2. Man, I see the upcoming string of games and the fact that it looks like some of our better players early in the season seem to be a bit worn out and in need of a break and I can’t help but be pessimistic… My prediction is that we lose a good portion of the next games and that Vanni is out by early June.

  3. Last season I heard Vanni tell a reporter that he doesn’t believe in watching game films. All the other teams do, and it’s obvious.

    This season Vanni was quoted in an article saying that he doesn’t want players to think. That’s also obvious. What effect does that have on players and their confidence? I guarantee it isn’t positive. Players should be incentivized to think on their feet and adjust to each situation on the pitch as it arises.

    Vannni is, at best, a USL coach. Honestly, I don’t give him that much credit. His starting XI selections are evidence he’s not much for developing young players.

    If the defense carries this team it’s because Vanni refuses to have forwards play “forward”. He plants them midfield or lower with the idea that they (White & Cordova) have the speed to beat opposing defenders to long passes forward. They don’t. I don’t think White wants to run. He wants to sit in one spot and be fed. Watch other teams play. I promise you won’t see strikers on any other team standing still.

    Speaking of long or cross passes – every other team in this league has figured out Vanni’s strategy, which isn’t much. Kick the ball as hard as you can with the hope that there will be someone on the receiving end. White routinely “chests” the ball to the ground then passes backward.

    Say what you will about contract options. If the organization doesn’t make a change, there will be players looking to move on. Half of this team is playing to win. The other half is collecting a paycheck. IMHO

  4. Great points. Apparently the caps do spend a lot of time on their defensive structure. It’s based on zonal marking and coverage. I think opposing coaches/players do exploit this.

  5. I agree with the above two posts: I think you’ve been too kind to quite a number of passengers last night, an embarrassing performance.

    The new Canucks coach gave his team what he called a Hockey 101 workshop. This team needs that kind of a wake-up. When defending, the pressure often is way too slow, especially in wide situations; they also need a 101 workshop re. systematic coverage and communication: the second (or second and third) defenders covering the space behind the first defender have to be constantly talking him through it, letting him know where they are.

    When attacking in the final third especially, forwards are far too stationary. (Just watch the players off the ball as it moves into the final third.) There are two reasons for mobility: one is to find a space in which you can receive the ball; the second is to unlace the opposing D by pulling defenders away from a compacted situation and making space for a pass into the space this creates.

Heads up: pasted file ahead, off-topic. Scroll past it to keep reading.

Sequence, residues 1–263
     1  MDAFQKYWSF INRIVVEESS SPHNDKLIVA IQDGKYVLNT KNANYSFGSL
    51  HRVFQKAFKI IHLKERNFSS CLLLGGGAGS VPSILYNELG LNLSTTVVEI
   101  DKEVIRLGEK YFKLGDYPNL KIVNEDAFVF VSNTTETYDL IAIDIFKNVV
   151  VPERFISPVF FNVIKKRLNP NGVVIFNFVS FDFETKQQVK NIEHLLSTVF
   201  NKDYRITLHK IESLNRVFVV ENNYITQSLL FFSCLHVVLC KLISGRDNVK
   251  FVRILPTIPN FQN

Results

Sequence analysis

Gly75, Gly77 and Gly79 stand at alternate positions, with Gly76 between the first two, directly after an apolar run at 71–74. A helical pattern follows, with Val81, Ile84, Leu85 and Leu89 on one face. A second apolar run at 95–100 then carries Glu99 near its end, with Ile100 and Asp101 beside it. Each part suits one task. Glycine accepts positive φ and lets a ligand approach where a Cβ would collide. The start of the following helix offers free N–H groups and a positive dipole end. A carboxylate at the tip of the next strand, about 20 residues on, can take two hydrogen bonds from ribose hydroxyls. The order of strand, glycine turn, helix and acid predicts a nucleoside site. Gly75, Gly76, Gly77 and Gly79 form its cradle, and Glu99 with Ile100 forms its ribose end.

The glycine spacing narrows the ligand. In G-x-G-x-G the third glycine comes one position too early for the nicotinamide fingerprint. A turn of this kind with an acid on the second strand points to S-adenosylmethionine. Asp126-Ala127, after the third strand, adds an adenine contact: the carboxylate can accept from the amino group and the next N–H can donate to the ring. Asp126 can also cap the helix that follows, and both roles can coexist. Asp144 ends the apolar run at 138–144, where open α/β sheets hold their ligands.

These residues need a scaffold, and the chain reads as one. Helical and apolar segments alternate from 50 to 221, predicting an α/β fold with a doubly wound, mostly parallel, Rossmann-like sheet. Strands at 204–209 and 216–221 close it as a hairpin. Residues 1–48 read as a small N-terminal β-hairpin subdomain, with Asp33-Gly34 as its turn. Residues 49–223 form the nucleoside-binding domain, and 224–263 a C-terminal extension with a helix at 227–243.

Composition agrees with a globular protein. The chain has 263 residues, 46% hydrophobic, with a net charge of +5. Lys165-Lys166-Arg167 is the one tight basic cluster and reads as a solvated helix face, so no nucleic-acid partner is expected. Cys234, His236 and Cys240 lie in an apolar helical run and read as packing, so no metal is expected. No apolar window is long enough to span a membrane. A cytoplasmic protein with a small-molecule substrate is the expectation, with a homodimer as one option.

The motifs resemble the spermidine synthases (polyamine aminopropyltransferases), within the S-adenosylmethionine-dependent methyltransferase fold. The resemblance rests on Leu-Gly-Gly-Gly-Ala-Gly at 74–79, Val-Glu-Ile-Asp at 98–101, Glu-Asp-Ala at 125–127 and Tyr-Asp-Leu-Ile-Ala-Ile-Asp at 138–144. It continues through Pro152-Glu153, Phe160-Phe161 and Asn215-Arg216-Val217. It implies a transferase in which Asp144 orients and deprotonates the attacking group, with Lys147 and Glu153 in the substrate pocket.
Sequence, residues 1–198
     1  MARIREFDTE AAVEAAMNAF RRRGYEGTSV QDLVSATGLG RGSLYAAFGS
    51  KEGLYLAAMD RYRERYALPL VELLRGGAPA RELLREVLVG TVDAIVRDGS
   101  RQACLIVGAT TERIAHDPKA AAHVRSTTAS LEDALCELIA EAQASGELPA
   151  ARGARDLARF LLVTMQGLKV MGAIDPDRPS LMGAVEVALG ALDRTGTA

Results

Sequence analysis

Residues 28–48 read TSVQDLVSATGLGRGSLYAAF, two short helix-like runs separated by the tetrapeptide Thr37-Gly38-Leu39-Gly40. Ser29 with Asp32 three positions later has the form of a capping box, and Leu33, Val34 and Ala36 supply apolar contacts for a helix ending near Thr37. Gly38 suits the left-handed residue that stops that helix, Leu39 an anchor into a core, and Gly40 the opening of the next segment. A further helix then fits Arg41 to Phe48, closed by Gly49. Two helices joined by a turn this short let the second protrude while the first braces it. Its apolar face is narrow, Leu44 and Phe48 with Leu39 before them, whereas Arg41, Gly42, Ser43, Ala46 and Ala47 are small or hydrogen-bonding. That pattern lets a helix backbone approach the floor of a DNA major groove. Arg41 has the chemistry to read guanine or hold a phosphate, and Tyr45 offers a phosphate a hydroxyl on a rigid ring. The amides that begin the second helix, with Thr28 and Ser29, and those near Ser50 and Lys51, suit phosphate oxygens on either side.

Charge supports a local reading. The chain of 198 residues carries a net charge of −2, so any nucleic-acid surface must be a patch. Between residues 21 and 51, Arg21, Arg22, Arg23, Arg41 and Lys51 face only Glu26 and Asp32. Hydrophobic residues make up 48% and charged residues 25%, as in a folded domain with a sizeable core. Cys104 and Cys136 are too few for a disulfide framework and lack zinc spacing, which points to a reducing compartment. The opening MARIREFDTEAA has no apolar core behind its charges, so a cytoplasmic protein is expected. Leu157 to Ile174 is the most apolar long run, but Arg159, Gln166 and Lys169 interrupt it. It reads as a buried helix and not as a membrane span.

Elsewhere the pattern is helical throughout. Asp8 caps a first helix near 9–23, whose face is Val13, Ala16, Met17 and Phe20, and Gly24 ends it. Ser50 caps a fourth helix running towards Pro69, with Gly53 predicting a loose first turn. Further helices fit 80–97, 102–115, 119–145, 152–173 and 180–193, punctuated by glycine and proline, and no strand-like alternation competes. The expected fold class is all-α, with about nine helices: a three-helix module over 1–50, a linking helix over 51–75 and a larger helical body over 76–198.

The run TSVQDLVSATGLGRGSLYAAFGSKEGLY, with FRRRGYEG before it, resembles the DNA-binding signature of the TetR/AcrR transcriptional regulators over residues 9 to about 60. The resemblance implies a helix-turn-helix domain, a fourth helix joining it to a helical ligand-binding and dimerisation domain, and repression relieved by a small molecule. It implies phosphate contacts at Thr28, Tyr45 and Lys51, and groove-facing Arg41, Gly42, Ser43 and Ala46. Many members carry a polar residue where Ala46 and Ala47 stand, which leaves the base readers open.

This is all elementary stuff at this level, but like the Canucks, the team far too often seems not to have worked on any of these details. That’s where coaching drills on systems play can make a difference–walking and talking and freezing play in scrimmages to coach corrections.

    Finally, I join the chorus about Vanni’s quality: his overall tactical systems are limited and predictable, and his player selection bewildering. Ahmed and Becher should be at least tried as starters over a run of games. Their play has earned them that much. Players know who deserves to start, and poor selection reduces a coach’s credibility. Time for change before the season is lost.

  6. On Cubas: Consecutive poor performances is not a “rare” occurrence, it’s a trend. He deserves a 4, just as Schopf & Cordova do.

    On Caicedo: His 5.5 comes across to me as giving him more breadth because he was a sub; he was average, made a couple of decent plays but also fumbled the ball away in possession a few times. An average 5 is more accurate.

    On Vite: A 6.5 is too high imo. The gift of a goal was well finished, but I don’t think he had a better performance than Gressel; there was some good, and some average. 5.5 for both is fair, Vite’s wasn’t *that* better a performance.

    And, Sartini should be graded every match, he is part of the performance. 3 for him, another poor and confusing decision making model.

    1. I thought Takaoka, Brown and Laborda were our best players. Maybe worthy of a 6 rating or 5.5? Becher was lively and improved our attacking play overall but everyone else couldn’t do much. Seems Becher is on the end of some tough tackles. Welcome to the big time. We got outplayed all over the field. The game was screaming for Ahmed to come in at halftime. Play him up front!!! Changes were needed at halftime but Sartini sometimes seems oblivious to what’s actually happening on the field. I think we’re better than last night’s performance but it seemed it was going to take a miracle just to get a draw. 2 days rest and then Seattle. Yikes

  7. Vanni Sartini- 3.5- mystifying line-up, player placements and failure to adjust during the game – IMO, it explains why some of the better players are underperforming- a good coach will get the best out of his players

    if he confuses me, he must REALLY confuse the best players who have to submit to his selections, formations and subs/timing of the subs

    Takaoka– 4.5- 3/4 of the last goals have all been low shots near the post and all were saveable IMO – is this a major concern – YES